Prepared and Phenomena (2004) acknowledges the essence of top management purport related to effective decision-making to manage risk and to authorize business process change. A crucial part of a successful financial institution is top management support, the benefit of which is related to improving decision making in order to manage risk. Successful mitigation or bearing of risk is a contingent upon commitment and support from top management. Moreover, it is argued that an organization uses risk management to anticipate the probability of a negative impact and that risk management needs top-level management support. Risk management requires the acknowledgement that risk is a reality and the commitment to identify ND manage risk lies within the mechanisms setup by top management to mitigate it. 3. 3. Information Technology (IT) Banks should have in place a system for monitoring the condition of individual credits, including determining the adequacy of provisions and reserves. Moreover, they need to develop and implement comprehensive procedures and information systems to monitor the condition of individual credits and single obligators across the banks various portfolios. These procedures need to define criteria for identifying and reporting potential problem credits and other transactions to ensure that they are abject to more frequent monitoring as well as possible corrective action. In addition to that, banks should develop and utilize an internal risk rating system in managing credit risk. The rating system should be consistent with the nature, size and complexity of a banks activities. Basel Committee of the Bank of International Settlement, 2005) A well-structured internal risk rating system is a good means of differentiating the degree of credit risk in the different credit exposures of a bank. This will allow more accurate determination of the overall characteristics of the credit oratorio, concentrations, problem credits, and the adequacy of loan loss reserves. In larger banks, the more detailed and sophisticated internal risk rating systems are used to determine internal capital allocation, pricing of credits, and profitability of transactions and relationships. According to Sandstorm (1995) banks should have information systems and analytical techniques that enable management to measure the credit risk inherent in all on- and off-balance sheet activities.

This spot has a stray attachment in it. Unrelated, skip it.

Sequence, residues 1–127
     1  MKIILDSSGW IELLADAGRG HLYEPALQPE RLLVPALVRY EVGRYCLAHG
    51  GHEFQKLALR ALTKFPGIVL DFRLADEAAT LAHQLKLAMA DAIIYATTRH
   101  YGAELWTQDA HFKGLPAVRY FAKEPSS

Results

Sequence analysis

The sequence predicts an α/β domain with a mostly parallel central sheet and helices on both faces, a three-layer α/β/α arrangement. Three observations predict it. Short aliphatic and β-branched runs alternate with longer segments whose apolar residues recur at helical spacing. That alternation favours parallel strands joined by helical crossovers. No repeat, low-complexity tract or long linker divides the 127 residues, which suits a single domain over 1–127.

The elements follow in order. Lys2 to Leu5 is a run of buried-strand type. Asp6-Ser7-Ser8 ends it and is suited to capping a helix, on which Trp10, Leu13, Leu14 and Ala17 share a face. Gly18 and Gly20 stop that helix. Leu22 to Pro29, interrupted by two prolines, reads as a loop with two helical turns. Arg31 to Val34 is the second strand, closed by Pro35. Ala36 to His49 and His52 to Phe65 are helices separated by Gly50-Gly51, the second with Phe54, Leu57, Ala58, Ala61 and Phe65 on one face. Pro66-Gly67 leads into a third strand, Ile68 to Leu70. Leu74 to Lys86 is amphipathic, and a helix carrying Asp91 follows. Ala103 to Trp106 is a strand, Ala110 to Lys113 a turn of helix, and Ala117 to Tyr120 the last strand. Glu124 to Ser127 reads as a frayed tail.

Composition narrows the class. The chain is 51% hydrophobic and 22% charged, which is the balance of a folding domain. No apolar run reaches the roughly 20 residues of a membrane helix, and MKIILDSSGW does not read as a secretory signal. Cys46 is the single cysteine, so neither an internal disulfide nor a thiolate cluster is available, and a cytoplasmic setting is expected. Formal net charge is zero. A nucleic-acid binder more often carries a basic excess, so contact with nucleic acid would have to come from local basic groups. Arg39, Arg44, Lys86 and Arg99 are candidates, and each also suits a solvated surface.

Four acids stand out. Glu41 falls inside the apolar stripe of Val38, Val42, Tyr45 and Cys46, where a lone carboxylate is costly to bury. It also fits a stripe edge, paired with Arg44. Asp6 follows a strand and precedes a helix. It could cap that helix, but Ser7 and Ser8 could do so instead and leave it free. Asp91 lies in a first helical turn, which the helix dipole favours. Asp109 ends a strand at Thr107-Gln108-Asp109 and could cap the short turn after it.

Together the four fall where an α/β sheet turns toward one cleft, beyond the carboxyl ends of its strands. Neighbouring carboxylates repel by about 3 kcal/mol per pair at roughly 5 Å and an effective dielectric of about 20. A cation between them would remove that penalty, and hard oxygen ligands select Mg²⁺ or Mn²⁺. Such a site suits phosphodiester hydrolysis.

The management information system should provide adequate information on the composition of the reedit portfolio, including identification of any concentrations of risk. Effectiveness of a banks credit risk measurement process is highly dependent on the quality of management information systems. The information generated from such systems enables the board and all levels of management to fulfill their respective oversight roles, including determining the adequate level of capital that the bank should be holding. Therefore, the quality, detail and timeliness of information are critical. 3. 3. 3 Transparency can be achieved by looking at information and disclosure.
Information would be provided with sufficient frequency and timeliness to give a meaningful picture of the institution’s financial position and prospects (Basel Committee of the Bank of International Settlement, 2005). Credit exposures in trading activities may for instance deserve more frequent reporting than credit exposures in traditional banking activities, such as lending since the variability of the portfolio composition typically is higher in the trading book. Nevertheless, to be relevant, information should also keep pace with financial innovation and developments in credit risk management techniques, e. G. reedit risk modeling. Further, information on credit risk should include a reasonable degree of caution and reflect realistic and prudent measurements Allen, Steve L. Wiley.